Excerpts from Jim Conrad's
from the May 1, 2011 Newsletter issued from Mayan Beach Garden Inn 20 kms north of Mahahual, Quintana Roo, México
On Wednesday morning some visitors needed to be dropped on the beach in Sian Ka'an so they could beach-hike for about ten miles, then be picked up later, so I rode up with Marcia, co-owner of Mayan Beach Garden. You can see Marcia standing beside the interesting bush found there at the top of this page.
In English the bush is called Icaco or Cocoplum. It's CHRYSOBALANUS ICACO, a member of the Chrysobalanus Family, little known to Northern nature lovers, because its approximately 460 species in 17 genera are restricted to the American tropics and subtropics. The family is close to the Rose Family.
The eye-catching feature about this bush was that it was loaded with plum-size, white fruits, as seen below:
The white one was mature and rather nice to eat. White, sweet, melon-textured flesh surrounded a large seed. If you're hot and hungry while hiking the beach, you'd welcome finding this bush heavy with fruits. In fact, I hear that the fruits make a fine jam.
Among the fruits there were a few tiny blossoms, such as those shown below:
That picture is interesting because it shows two blossoms side by side, but the flowers are different. The older, fading one at the left bears numerous male stamens -- the items with slender filaments (stems) topped with oval, pollen-producing anthers. However, on the younger flower at the right, there's no sign of stamens. In that flower's center you see a round-topped, pollen-receiving stigma atop a slender style leading down into the flower, to the ovary nestled there like an upright egg in a bowl.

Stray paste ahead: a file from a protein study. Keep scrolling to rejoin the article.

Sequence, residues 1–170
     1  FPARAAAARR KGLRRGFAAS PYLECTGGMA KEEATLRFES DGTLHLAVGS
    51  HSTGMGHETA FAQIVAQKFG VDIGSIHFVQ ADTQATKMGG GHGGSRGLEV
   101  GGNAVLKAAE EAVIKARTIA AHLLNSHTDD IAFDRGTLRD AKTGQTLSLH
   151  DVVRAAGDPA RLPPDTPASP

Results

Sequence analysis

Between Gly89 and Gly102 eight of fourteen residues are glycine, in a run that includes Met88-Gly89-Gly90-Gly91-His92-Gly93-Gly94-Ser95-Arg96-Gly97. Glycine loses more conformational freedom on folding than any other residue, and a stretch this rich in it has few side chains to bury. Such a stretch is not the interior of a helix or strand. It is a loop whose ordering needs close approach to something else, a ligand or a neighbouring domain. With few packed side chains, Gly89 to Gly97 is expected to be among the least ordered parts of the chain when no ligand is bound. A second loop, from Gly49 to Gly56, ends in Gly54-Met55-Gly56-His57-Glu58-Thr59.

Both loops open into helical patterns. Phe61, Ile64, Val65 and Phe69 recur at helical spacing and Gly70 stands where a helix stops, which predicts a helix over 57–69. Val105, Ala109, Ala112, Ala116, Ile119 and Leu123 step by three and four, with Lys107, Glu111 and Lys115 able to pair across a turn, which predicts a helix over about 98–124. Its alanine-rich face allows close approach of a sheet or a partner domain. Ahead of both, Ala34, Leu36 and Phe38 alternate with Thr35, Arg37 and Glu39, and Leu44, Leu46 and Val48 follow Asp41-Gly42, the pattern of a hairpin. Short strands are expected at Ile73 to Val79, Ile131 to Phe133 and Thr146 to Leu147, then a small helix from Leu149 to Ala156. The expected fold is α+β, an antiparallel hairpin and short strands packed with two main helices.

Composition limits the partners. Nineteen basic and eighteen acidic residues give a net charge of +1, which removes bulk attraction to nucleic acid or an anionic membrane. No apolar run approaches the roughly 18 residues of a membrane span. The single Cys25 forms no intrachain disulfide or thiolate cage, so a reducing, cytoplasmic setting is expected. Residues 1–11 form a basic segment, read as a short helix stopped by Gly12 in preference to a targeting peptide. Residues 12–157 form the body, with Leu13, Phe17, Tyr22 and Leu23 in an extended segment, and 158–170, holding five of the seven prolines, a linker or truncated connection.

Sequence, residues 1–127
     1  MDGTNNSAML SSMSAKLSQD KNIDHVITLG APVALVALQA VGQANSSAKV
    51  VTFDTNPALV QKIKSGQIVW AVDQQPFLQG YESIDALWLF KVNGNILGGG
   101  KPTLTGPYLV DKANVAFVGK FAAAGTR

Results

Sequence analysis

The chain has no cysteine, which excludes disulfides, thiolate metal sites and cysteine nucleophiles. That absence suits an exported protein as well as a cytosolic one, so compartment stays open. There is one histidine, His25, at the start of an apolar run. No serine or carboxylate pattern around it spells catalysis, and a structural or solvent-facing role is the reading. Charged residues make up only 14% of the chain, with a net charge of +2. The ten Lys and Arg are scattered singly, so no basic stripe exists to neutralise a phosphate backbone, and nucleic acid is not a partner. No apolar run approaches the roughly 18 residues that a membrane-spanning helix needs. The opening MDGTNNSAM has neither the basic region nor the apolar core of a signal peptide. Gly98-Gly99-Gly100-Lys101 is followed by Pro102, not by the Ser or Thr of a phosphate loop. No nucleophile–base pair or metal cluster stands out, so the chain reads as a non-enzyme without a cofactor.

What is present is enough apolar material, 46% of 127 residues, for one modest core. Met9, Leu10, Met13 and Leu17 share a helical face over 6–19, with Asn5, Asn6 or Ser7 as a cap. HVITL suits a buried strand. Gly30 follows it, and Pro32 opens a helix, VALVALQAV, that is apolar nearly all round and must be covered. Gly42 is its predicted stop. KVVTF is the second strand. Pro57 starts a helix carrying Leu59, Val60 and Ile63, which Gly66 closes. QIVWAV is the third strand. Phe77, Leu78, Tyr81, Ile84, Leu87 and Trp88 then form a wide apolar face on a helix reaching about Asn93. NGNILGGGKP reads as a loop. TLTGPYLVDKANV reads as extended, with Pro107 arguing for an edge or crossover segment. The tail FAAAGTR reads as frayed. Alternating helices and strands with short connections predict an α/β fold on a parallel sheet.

Bearing two such different flowers is possible for Icaco because the bushes can be "hermaphroditic, or andromonoecious, or gynomonoecious." Hermaphroditic plants are those on which all flowers bear both male and female parts. Andromonoecious plants bear both bisexual and strictly male flowers on the same plant. Gynomonoecious plants bear both bisexual and strictly female flowers on the same plant. It looks as if our flower picture shows a plant that's gynomonoecious, because the flower on the right is strictly female, while the older flower on the left appears to bear both male and female parts.
I searched for studies explaining how such a curious sexual orientation could be adaptive for an organism, but it appears that no one really knows. Lots of theories, but no clear experimental results.
Icaco is native from Mexico to northwestern South America, as well as the Caribbean and tropical western Africa. It's been naturalized in several places in Asia and Oceania.
from the June 14, 2015 Newsletter issued from Río Lagartos, on the north-central coast of Yucatán, MÉXICO
On very thin soil atop limestone bedrock at the edge of the mangroves a chest-high bush with semi-succulent leaves bore several yellow, plump, plum-like fruits, as shown below:
Biting into the fruit, the juicy flesh was a little acidy, a little bitter, but not bad. However, most of the fruit's interior was occupied by a large, spherical seed, as shown below:
Once I saw the seed I realized that this was a bush and fruit that normally I encounter on sandy beaches. It was the Icaco or Cocoplum. This shrub's fruits were a little smaller and yellower than I was used to, and the leaves' petioles were reddish, which I didn't recall seeing on other plants. This particular beach-loving plant was in soil that much of the year is waterlogged, but which for the last few months had been extremely dry, and it often happens that plants under drought stress lose some of their green pigments causing remaining pigments to produce different colors.
Several Icaco subspecies and varieties are recognized, and often "coastal forms" and " inland forms" are spoken of. Wikipedia's page for the species refers to a "... coastal form being round, up to 5 cm in diameter, pale-yellow with rose blush or dark-purple in color, while that of the inland form is oval, up to 2.5 cm long, and dark-purple." Also the inland form is described as having reddish leaves. Our reddish-leafed, yellow-fruited individual doesn't match this description, but it's clear that Icaco is a variable species, and we're confirming that.